For the life of me, I can’t figure out why I didn’t buy myself a trench coat, get a couple of shot guns and a few pistols, strap them to my extremities and proceed to blast away at schoolmates when I was in high school. I was not a popular kid, I got picked on, ridiculed, chastised, mocked, scorned and beat up pretty regularly. I had one particularly annoying quality that seemed to invite this treatment; I had ambition.
I didn’t have any qualities to suggest that I would be successful, not in sports and not academically. I did show some ability in the practical arts, however, being good in wood shop or in drafting weren’t the admirable sort of skills which would evoke respect from class mates.
That I could be so inept and yet so determined to succeed was viewed arrogant.
I actually became fairly literate, fairly knowledgeable, and fairly competent, not because I had the innate ability to do so, but because my ambition drove me to it. When I wanted to learn to write better, I bought a book about writing and practiced the exercises. When I wanted to build a geodesic dome I bought a book on spherical trigonometry and learned trig. I taught myself electronics, accounting, etc.
It never occurred to me that I might not succeed, and it certainly never occurred to me that I might blame someone else for any success I might not snatch. I grew a pretty thick skin in my formative years and have become single-minded in my pursuits; sometimes to the discord and apprehension of family members and employees.
I was once described by an employee as a freight train impervious to detour.
Undoubtedly, I am not the most sympathetic figure, and while I am capable of empathy I generally feel most of us are too willing to be coddled and too willing to be offended, sometimes looking for the chance. The only result of such self-pity can be to deny oneself opportunity.
The consistent astonishment demonstrated by our media and certain community leaders anytime some celebrity moron makes an off-handed remark is emblematic of the hyper-sensitive distress which permeates our culture. The latest broo-ha-ha, hovers over Don Imus, the anemic and antique radio curmudgeon who unceremoniously referred to women basketball players as, nappy-headed hos. Quite an ungracious remark for sure, however, far short the offensive language celebrated by a plethora of contemporary rap artists who seem unable to raise the ire of Al Sharpton or Jesse Jackson.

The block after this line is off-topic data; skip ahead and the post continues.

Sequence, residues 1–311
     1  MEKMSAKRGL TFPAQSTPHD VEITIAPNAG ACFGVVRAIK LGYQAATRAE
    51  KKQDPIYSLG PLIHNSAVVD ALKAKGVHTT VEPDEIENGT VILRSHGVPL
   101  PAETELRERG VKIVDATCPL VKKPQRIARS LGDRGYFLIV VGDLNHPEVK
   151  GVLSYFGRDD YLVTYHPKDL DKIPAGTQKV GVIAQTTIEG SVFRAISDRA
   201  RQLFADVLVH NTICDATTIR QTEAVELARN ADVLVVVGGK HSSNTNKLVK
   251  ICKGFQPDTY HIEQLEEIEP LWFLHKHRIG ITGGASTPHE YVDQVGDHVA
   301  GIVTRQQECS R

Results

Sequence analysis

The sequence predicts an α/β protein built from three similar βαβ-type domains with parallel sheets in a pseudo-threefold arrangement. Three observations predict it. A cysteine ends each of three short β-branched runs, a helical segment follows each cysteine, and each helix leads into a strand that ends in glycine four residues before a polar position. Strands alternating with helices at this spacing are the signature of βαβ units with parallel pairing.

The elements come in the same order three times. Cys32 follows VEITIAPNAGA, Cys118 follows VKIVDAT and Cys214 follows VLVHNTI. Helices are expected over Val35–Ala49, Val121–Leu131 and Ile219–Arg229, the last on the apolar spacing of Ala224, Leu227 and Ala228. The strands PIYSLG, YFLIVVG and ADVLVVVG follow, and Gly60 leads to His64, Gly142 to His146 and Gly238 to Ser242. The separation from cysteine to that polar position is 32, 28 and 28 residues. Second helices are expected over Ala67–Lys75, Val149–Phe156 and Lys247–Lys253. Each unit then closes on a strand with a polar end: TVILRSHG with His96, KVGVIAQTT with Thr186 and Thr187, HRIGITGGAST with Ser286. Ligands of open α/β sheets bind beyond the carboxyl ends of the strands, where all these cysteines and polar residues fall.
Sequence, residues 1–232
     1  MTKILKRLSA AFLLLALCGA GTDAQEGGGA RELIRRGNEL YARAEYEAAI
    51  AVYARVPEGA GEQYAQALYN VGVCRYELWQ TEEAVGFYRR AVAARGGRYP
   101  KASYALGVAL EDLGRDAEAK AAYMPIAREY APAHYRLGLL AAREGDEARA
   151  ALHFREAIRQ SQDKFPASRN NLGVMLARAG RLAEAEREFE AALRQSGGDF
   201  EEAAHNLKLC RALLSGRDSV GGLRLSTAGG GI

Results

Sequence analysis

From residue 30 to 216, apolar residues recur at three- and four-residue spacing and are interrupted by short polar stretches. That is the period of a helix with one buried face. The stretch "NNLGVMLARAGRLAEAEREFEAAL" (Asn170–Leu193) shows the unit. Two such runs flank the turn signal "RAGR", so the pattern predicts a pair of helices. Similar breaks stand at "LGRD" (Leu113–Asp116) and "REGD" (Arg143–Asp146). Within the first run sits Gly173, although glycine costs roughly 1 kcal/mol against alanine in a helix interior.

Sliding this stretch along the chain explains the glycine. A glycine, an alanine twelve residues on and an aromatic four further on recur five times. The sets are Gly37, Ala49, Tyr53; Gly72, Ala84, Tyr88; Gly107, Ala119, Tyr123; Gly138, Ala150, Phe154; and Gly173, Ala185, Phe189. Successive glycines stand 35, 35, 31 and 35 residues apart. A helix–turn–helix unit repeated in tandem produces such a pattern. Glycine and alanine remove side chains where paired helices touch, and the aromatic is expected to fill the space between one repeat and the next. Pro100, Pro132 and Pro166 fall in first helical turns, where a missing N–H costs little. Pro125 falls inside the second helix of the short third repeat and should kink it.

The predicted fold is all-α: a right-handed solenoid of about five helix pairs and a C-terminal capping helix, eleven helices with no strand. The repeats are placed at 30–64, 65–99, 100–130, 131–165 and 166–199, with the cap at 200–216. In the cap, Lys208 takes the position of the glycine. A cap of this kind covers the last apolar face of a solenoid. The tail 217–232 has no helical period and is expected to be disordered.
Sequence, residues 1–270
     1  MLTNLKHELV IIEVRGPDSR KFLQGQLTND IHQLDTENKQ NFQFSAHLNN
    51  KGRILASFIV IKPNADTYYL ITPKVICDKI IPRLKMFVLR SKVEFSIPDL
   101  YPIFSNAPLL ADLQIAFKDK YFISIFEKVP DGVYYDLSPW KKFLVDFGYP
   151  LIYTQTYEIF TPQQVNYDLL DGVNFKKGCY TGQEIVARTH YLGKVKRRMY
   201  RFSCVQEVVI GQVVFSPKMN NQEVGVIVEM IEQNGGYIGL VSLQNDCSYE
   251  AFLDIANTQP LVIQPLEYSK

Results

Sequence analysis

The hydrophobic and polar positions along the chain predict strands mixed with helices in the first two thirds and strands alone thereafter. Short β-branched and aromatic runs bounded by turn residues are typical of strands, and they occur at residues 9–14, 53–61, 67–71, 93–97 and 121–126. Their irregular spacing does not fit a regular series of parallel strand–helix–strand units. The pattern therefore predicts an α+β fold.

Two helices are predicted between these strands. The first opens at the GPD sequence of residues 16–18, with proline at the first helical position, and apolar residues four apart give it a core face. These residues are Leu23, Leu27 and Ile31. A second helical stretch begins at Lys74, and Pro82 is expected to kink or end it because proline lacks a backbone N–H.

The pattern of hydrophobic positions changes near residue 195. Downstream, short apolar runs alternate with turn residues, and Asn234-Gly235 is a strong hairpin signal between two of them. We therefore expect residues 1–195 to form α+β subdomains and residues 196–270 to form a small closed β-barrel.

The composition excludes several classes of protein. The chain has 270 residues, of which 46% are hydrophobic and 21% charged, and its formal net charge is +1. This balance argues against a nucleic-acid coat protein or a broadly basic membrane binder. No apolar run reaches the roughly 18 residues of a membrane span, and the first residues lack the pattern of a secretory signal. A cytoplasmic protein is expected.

For any segment of American society to feign offense each time malevolent remarks float their way only cements into the American consciousness the realization that certain groups are afforded an untouchable status worthy all the sanctimonious praise and adulation due only the downtrodden.
I submit, this phenomenon is no advantage even though it may be great for Jesse and Al who make their living crying over these not so salient comments riling supporters for financial gain.
One Rutgers basketball player offended by the Imus remark lamented, Mr. Imus has stolen a moment of pure grace from us.
O.K., Imus is a jackass, but how has his idiotic comment stolen something from a team of young women who have made the terrific achievement of arriving at the National Championship game?
If pure grace is stolen anytime commentators make moronic statements, one thing is for sure, pure grace shall cease to exist.
I wonder how I might have faired if I let the detractors of my youth define my future? If I had looked to be offended each time I endured a negative slur? I would never have been able to work the jobs which developed the skills allowing me to move ahead and ultimately build my own business.
When dreamworld is over and these girls are no longer experiencing pure grace bouncing a little orange ball up and down a wooden court, one or two of them might just have to get a job in a not so hospitable environment where unflattering epithets fly around like gnats on a hot day in Florida.
Probably not however, it’s unlikely any of those girls will get one of those jobs, not so glamorous on the outside, but teaming with possibility on the inside, when business owners are worried about getting sued because some redneck laborer in the company might just say something insensitive to a nice black lady who use to be a basketball player.
Overt chronic racism doesn’t exist in America because there simply are not that many racists. Racism is a quality that takes a great deal of effort, and gives little in return. Decisions that look like racism exist, however, because company owners want to minimize their risk of lawsuit when guys like Jesse Jackson and Al Sharpton are poised, ready to scream injustice in order to promote their own racist agendas.
Who really loses?
Copyright 2007 Jim Pontillo